There are some lovely touches in here. The almost horizontally placed satellite navigation and vehicle systems control settings appear and operate as well as any luxury car marque’s efforts – so it is a pity that the GPS graphics are a little on the low-fi side, especially when the reversing camera that also uses that screen is actually quite crisp in resolution. Strange. Still, being a touch-screen unit, it is also so superbly effortless to use.

Happily, the Z51’s seating front and rear have lost none of their predecessors’ big cushiness. Yet the front pair are sculptured enough for most people to find ample comfort and support, and the driver’s pew is nigh-on perfect as far as its relationship with all major switches and controls are concerned.

Obviously, being the Ti model, everything from the (heated) front seats to the steering column is powered, so finding that foot-operated park brake is a shocking blast from the past. More than the Nissan brand itself, this one anachronistic item singularly explodes the Murano’s chi-chi aspirations to pieces.

Never mind, because we love the driving position, find the interior invitingly sumptuous, and appreciate the ample space allocated to all outboard occupants. The cab-forward styling that is a result of the Murano’s transverse-engine application is used to its fullest effect here.

That rear seat area is quite roomy and well catered for in terms of passenger comfort and ventilation due to reclining backrests, face-level air vents, cupholders and storage spaces, while access is no hardship thanks to the wide-opening doors and hip-high chairs that help afford such commanding views forward.

The driver, however, is not likely to appreciate the thick roof posts up front or the fat D-pillars that make parking harder than it should be. On the flipside, besides that excellent rear camera, the Murano benefits from VistaVision-vast exterior mirrors.

Still on safety, every Murano includes stability and traction controls, ABS anti-lock brakes with Electronic Brake-force Distribution, and front, side and side curtain airbags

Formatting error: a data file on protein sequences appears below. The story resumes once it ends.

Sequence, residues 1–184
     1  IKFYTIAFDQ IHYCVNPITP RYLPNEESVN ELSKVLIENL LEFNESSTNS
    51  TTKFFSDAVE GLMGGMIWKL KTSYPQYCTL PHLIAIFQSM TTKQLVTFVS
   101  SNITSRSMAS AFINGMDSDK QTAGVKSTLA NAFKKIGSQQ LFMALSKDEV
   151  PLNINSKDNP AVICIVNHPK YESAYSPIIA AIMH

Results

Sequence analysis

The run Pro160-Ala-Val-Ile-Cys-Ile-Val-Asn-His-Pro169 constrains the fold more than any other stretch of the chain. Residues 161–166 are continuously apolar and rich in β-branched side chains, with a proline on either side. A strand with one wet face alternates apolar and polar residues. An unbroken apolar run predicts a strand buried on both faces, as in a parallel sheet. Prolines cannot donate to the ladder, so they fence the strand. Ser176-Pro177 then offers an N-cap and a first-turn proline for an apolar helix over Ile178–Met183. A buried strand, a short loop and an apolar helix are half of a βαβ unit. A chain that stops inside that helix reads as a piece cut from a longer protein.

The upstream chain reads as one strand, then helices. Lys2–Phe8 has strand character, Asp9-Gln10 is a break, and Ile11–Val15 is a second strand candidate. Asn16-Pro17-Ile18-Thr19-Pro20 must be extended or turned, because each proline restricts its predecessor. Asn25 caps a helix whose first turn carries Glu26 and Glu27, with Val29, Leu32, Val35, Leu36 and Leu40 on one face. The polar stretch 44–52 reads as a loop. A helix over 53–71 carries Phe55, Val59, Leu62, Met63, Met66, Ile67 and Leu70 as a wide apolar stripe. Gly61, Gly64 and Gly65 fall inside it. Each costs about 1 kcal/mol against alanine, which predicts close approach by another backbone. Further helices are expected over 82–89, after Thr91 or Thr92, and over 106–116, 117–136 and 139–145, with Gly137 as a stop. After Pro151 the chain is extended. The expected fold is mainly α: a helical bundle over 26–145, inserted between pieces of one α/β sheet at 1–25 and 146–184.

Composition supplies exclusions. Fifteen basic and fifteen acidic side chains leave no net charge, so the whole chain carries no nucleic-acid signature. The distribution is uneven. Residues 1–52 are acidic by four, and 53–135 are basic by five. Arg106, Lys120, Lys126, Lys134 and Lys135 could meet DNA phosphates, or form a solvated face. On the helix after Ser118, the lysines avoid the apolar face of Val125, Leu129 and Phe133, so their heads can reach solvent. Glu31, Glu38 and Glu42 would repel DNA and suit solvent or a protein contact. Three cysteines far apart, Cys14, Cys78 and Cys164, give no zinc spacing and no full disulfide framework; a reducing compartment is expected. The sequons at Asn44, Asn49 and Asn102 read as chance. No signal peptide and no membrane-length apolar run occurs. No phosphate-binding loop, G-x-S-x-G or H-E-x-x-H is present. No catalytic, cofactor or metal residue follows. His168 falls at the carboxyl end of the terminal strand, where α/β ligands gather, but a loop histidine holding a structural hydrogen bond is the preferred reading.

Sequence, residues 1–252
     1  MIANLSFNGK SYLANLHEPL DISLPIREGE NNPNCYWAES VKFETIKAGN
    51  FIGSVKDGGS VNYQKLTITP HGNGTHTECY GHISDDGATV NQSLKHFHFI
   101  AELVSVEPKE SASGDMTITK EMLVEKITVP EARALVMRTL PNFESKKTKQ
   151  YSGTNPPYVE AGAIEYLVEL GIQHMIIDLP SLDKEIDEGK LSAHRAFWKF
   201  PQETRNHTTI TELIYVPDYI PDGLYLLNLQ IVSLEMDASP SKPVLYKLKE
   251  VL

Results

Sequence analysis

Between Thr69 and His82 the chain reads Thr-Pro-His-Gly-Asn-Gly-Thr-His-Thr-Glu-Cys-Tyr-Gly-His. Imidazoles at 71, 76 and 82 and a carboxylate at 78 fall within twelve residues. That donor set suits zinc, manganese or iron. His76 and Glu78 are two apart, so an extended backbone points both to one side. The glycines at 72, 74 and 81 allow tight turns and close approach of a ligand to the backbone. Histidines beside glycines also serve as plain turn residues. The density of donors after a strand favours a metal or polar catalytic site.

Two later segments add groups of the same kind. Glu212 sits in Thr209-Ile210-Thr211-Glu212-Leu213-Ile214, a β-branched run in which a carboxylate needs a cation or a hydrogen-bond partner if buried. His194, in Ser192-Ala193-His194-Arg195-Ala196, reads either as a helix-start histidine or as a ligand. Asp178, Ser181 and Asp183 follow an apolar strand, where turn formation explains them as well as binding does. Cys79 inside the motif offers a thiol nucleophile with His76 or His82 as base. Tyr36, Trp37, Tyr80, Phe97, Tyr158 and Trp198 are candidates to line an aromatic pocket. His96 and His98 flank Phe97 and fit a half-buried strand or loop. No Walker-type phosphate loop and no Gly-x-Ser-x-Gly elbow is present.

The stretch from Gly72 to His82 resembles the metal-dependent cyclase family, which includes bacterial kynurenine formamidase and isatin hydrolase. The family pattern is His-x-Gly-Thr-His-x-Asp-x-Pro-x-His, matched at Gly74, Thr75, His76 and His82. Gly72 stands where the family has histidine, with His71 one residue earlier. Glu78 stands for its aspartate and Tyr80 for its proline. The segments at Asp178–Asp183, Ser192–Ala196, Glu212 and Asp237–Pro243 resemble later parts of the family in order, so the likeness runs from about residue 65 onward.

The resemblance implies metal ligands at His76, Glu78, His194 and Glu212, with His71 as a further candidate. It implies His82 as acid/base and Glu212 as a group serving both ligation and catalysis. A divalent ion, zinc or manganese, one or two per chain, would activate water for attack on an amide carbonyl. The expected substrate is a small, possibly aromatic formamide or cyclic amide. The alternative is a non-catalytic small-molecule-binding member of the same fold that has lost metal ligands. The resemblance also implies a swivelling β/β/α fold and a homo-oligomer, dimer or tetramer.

Both models offer Xenon headlights, 18-inch alloy wheels, leather upholstery, power front seats, dual-zone climate control, six-CD stacker audio with auxiliary input jack and steering wheel controls, trip computer and cruise control.

Our Ti also touts GPS and rear-vision camera, Bluetooth connectivity, a Bose audio upgrade with MP3/WMA capability, a rear cargo cover and luggage net, rain-sensing windscreen wipers, auto on/off headlights, a powered steering column, heated front seats, auto dimming rear mirror, power flip-up rear seatbacks, power tailgate opening, fog lights, black roof rails, electric-folding mirrors and keyless start and entry.

So the latest Murano makes a strong value-for-money case simply because equipment levels are so high.

Factor in that plush interior, effortless V6 performance, smooth handling and all-wheel drive grip, and we cannot help but think that Nissan has come up with a viable alternative to a base-model BMW 320i, Chrysler 300C, Ford Falcon G6E Turbo, Land Rover Freelander II, or VW Passat V6 wagon.

But a Mazda CX-7 Luxury – though smaller overall – is a better drive and $10K cheaper, while impressive prestige SUV newcomers like the Volvo XC60 and the Audi Q5 are only slightly more expensive, if way short of equipment at the Murano Ti’s price level.

So we don’t hold out much hope for buyers suddenly switching on to the many and myriad delights of the latest Murano.

Still, apart from the toned-down styling and hardened ride, we think it deserves even more recognition than the underrated old Murano did.